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Postby Jp » January 27th, 2006, 1:02 pm

Emi wrote:Does back into my hole and gives up ...


no need to give up. I am sure dogs with dog aggression require more work and training so the aggression can be controlled. Most likely, they just need a special owner who is responsible enough to put in the extra effort and time.
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Postby mnp13 » January 27th, 2006, 1:04 pm

In my opinion it all depends on the dog and what you are willing to do with it.

Ruby was very very timid when I got her. she had been kenneled for the first 10 months of her life. She was very afraid of men and shied away from hand contact from any strangers. She warmed up to men before women. When approached quickly she would back up, and on occasion would growl and even more rarely would bark. Loud sudden noises, especially from men (dropped keys, a sudden yell) would send her running backwards.

She picked me out when I met her, she knocked me down and sat on me. Literally. I couldn't leave her behind, but the fear issues started the minute she was in a strange place - my house.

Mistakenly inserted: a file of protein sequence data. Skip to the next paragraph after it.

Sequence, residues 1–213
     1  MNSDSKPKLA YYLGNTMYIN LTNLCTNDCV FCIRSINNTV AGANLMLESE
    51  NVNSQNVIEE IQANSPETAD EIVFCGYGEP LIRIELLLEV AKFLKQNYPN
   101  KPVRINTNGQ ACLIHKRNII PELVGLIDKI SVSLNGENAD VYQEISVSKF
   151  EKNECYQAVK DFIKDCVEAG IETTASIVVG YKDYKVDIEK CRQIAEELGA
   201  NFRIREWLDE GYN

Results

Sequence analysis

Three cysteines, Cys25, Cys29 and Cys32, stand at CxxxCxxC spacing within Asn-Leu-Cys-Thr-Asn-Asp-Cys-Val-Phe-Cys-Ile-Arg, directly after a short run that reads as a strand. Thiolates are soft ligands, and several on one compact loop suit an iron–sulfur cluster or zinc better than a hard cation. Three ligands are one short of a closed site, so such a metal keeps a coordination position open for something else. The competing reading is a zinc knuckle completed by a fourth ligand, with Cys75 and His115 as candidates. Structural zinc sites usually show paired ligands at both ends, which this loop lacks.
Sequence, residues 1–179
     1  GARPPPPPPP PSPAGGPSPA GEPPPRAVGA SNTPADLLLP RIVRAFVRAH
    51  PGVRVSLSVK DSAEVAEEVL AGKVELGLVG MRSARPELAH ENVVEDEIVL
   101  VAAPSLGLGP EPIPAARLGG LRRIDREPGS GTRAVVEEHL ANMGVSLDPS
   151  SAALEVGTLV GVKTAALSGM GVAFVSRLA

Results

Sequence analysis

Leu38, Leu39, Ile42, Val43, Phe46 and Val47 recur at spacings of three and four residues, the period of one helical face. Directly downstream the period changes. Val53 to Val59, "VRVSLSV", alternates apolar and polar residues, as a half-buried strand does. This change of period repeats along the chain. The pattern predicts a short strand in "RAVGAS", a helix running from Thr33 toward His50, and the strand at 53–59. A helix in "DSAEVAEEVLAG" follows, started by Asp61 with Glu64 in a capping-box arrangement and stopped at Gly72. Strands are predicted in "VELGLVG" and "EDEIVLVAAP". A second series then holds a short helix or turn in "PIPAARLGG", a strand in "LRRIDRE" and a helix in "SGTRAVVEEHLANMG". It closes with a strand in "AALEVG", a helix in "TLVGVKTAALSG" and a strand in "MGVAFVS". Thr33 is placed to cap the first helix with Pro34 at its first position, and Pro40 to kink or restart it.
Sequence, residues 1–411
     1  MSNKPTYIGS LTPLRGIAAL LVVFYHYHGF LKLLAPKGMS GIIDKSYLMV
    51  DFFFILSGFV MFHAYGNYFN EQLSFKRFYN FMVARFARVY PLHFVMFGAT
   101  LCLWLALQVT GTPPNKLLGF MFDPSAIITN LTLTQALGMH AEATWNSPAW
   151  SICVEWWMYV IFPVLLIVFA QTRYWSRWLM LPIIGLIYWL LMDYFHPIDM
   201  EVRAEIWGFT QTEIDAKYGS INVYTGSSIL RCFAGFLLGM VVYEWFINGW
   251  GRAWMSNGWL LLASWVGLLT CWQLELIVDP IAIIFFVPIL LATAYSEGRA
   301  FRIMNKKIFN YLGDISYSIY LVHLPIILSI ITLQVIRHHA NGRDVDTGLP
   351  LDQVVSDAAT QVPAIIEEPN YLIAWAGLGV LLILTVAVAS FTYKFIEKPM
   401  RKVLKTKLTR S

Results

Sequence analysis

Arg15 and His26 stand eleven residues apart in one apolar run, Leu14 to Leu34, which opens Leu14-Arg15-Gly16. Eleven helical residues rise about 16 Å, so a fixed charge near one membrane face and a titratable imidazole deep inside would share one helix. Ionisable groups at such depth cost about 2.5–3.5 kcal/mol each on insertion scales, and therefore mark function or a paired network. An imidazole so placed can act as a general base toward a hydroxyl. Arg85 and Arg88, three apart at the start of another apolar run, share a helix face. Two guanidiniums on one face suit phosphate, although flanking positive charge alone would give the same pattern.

We have worked on confidence and she has made HUGE strides since then. It has taken over 3 years. She's a therapy dog now, but she still has some 'startle' moments.

Would she have become a fear biter in the wrong circumstances? Yes.
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Postby realpitbull » January 27th, 2006, 1:06 pm

Dog-aggression and human-aggression are two different things. Remember that dog aggression is normal in Pit Bulls. Also, a dog in a crate isn't in a fair position to be evaluated as far as dog-aggression goes. Lots of dogs are snarky towards other dogs while confined or behind a fence, but are ok once they are taken out.
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Postby concreterose » January 27th, 2006, 2:57 pm

What about dogs that are crate aggressive? At my training club, there is a dog (boxer) that gets highly agitated if someone he doesn't know comes near his crate. He will bark and lunge. Open the door, and he's a total mushball. They just cover up his crate, and are working on desensitizing him.
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Postby realpitbull » January 27th, 2006, 3:04 pm

Can I take the dog out of the crate and NOT have it bite me? Or is it so freaked out while in the crate that only the owner/regular handler can remove it? I'm talking about dogs I have to eval, ya know? In shelters or at kennels for rescue. If the dog is bugging out in a crate or a kennel, I certainly won't approach it, and if I can't approach the dog it fails test one, and therefore the whole eval.